Counsel for Areva argues that even if an agreement was reached, it was not an agreement which gave Nortask exclusive rights to the unloading and reloading of equipment at the Nortask site. I consider there are three facts which indicate to me that it was clearly agreed and understood between the parties that Nortask would perform all the work at Nortask using Nortask equipment. The first is the evidence that when a telehandler turned up onsite it had to be removed because Hermes made it clear only Nortask labour and equipment was to be used. I accept Hermes’ evidence that Robertson agreed that it would not happen again which I consider endorses the exclusive nature of the agreement. The second is the reality is that there is no evidence before me that anything other than Nortask labour and equipment was used onsite. The third is the fact that the pivotal BCR document from Canham to Macbeth requesting the additional approval of funds for the storage, which was not sent until 17 February - some 10 days after the deliveries commenced - was clearly based on the fact that Nortask would be doing all the work and providing all the equipment.
Furthermore, an email on that date from Canham to Macbeth and others at Areva stated that “Approval is required ASAP as works have commenced to enable production outputs to be maintained.” On 20 February, after some two weeks of reflector deliveries, the emails indicate that a BCR had not been approved and accordingly no purchase order to Nortask could issue. No purchase order or BCR involving any other entity was ever anticipated or prepared. That evidence indicates to me that an exclusive agreement in the terms alleged was indeed entered into in response to rapidly evolving circumstances, but that Areva’s approvals process and documentation systems were lagging behind decisions that had already been made on the ground orally by Areva senior management, with the necessary verbal approvals in place.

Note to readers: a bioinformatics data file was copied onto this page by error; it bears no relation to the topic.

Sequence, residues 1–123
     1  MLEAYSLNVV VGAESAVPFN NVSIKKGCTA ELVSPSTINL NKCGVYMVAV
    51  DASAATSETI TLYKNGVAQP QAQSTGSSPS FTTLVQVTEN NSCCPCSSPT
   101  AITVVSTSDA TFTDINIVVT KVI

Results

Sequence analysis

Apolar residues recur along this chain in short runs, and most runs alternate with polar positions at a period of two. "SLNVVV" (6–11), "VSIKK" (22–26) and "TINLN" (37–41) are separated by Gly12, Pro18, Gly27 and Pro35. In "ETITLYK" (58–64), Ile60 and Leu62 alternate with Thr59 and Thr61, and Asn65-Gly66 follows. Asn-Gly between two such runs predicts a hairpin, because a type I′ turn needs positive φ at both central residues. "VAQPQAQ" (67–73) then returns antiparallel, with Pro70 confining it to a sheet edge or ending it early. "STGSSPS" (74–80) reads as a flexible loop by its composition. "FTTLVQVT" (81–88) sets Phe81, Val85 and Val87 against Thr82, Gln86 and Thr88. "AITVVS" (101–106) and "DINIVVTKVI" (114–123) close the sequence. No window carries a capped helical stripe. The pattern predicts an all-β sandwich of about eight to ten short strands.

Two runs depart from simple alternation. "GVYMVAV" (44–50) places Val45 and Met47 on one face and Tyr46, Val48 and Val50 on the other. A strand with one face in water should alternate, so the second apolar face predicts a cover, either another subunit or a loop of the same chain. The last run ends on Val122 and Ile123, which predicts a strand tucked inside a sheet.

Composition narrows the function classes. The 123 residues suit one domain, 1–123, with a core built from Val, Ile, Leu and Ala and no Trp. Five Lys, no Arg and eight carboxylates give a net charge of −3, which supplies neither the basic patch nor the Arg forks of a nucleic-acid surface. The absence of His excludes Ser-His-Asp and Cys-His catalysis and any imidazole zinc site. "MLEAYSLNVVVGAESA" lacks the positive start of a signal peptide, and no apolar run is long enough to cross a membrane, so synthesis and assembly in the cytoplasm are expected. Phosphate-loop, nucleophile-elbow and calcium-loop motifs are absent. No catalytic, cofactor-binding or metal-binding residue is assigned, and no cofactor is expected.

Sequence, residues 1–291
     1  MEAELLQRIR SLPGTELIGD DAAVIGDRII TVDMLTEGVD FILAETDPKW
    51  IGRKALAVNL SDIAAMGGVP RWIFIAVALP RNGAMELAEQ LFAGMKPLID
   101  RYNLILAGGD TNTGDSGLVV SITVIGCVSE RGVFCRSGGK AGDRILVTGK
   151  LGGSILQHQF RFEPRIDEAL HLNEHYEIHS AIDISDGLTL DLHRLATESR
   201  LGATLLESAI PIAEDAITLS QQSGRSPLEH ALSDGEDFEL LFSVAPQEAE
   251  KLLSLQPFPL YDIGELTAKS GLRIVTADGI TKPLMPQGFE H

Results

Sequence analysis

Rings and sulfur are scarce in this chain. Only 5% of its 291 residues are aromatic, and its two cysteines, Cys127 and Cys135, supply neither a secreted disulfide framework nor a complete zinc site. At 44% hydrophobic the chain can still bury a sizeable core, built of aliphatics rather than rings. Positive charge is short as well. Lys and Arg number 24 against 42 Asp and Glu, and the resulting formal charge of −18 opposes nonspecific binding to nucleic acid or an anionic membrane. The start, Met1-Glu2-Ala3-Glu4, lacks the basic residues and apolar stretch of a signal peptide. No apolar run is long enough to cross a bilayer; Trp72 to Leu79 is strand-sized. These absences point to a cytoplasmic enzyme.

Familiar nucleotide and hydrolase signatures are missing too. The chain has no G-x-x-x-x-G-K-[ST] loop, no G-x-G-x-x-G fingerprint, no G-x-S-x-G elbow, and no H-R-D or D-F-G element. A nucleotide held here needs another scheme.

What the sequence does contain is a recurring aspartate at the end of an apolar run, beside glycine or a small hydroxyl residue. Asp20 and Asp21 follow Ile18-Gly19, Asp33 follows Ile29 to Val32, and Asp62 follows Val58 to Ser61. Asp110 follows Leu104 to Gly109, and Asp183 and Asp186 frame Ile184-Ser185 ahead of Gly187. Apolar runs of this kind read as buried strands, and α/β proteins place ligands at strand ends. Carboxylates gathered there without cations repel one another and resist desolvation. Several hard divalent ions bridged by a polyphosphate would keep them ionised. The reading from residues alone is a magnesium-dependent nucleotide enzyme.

Did Canham or Robertson possess the actual authority, either express or implied, to enter into those arrangements?
Nortask pleads that an agreement was entered into in February 2013 at a meeting with Areva’s representatives and Hermes and that an essential component of that agreement was the right to load the reflectors at the Nortask property prior to transportation to Kogan Creek. Areva argues that there was no agreement in those terms and that Nortask did not have an exclusive right to load the chattels. Areva also relies on the fact that there is no purchase order in evidence in those terms and that the quote of 4 February 2013 from Nortask is not in those terms. Areva also argues that Canham acknowledged that he did not have authority to make such an agreement and that there is no evidence that Macbeth, who had authority to make the agreement, did so.
In my view, Canham, on behalf of Areva, entered into an agreement with Hermes on behalf of Nortask by 2 February 2013 after he obtained verbal approval from Macbeth and after Macbeth received verbal approval from his superior. That was their evidence at trial and that evidence is corroborated in several respects by the documentary evidence as outlined above.